May 5, 2020
Short story: Underlying Conditions
Tara waits for a signal from the traffic control monitor before stepping into the “entrance only” side of the home improvement store. She effectively uses the time it takes the clerk to wipe down the handle of her shopping cart to assess the store’s crowdedness, wondering how close they are to the newly revised maximum capacity. Dutifully committed to doing her part to control the spread of contagions, she stoically slips on the cloth cover her sister made as her way of dealing with quarantine manic. Read Rest of Short Story
April 28, 2020
Essay: Children of Thalidomide
Remember when cholesterol in eggs could kill you? That was of course before the “experts” decided eggs are packed with essential proteins and help promote brain function and weight loss. Remember when coffee caused cancer, before they found that it didn’t? It seems health warnings from “experts” come and go as fast and frequently as diet fads. Read More
April 25, 2020
Culinary: Disney Churro Bites
Here is a recipe for this fan favorite Disney park treat. If you haven’t already clicked on the link, there’s something seriously wrong with you. . .
April 24, 2020
Commentary: Opting Out of Quarantine
Dear Governor, we need to talk: It’s been forty days since you so eagerly followed New York and California into lockdown, even though we had yet to have a COVID case. You may recall the story of Jesus’ journey into the desert where he gave the Devil forty days to convince him that a better world was waiting if he’d just do as the Devil demanded. Luckily for mankind, the Devil failed to make his case. I have placidly given you forty days to convince me COVID was as bad as you proselytized, that the world would be better if I just did as you demanded. You have failed to make your case. Read More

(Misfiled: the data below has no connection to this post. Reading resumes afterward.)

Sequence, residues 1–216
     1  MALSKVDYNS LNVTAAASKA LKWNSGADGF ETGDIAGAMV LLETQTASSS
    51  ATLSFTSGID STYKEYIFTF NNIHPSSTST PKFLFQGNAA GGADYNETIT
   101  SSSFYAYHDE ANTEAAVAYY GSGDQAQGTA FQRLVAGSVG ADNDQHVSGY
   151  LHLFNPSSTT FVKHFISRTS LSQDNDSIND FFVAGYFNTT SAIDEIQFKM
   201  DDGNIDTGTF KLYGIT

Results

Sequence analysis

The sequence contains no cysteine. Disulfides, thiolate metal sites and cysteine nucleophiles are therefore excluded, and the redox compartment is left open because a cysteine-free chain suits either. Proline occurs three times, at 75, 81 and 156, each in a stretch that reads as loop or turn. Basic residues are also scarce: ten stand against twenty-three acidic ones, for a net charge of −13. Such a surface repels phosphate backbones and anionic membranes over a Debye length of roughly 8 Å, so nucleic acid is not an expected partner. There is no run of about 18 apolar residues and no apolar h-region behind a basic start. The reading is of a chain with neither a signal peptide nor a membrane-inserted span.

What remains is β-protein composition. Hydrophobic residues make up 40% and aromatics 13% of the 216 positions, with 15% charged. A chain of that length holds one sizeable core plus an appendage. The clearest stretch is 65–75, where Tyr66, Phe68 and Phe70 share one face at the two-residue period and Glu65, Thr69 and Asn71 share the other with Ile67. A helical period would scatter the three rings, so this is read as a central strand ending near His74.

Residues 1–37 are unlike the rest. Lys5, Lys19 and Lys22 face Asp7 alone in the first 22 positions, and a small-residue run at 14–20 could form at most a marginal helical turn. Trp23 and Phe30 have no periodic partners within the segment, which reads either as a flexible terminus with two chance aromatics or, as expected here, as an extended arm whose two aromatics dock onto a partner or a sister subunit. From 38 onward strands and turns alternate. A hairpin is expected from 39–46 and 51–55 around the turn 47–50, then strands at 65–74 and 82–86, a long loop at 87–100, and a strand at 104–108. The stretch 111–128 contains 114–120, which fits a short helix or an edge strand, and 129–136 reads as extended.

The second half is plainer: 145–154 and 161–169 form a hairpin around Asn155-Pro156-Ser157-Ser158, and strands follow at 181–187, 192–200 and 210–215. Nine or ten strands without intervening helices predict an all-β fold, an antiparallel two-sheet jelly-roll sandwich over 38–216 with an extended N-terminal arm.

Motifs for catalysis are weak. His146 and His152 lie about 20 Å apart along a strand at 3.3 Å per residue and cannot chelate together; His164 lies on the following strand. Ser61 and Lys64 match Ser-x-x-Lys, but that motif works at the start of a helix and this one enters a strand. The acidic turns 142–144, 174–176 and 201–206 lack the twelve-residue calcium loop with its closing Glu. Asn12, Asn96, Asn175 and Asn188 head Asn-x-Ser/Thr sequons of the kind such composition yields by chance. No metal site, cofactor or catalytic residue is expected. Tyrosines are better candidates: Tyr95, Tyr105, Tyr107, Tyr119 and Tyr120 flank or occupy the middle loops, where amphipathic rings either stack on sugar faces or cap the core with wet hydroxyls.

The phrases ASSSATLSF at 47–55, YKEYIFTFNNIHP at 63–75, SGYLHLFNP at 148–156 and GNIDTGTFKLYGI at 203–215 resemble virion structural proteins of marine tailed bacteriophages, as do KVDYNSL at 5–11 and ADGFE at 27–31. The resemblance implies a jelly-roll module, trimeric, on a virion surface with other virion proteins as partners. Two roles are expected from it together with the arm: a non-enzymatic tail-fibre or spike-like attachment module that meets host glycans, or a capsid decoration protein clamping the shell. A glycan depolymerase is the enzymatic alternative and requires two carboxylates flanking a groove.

April 20, 2020
Essay: Birthday Memories
Tomorrow is Sasha 18th birthday, a milestone meant to hold fond memories she’ll carry the rest of her life. How many of you can look back smiling at memories of your 18th birthday? For me that day remains vivid. I had finished high school midyear and wound up working in Worland, Wyoming, on a plumbing crew sent down from South Dakota, to install the heating system in a plant manufacturing soda cans for Pepsi. The plant was something like six football fields long by four football fields wide, and once operational would produce one million cans a day. The logistics involved in moving pipe and fittings to work areas was so immense, we were each allocated a personal forklift. Read More
April 20, 2020
Commentary: If Mommy Is A Commie Then You Gotta Turn Her In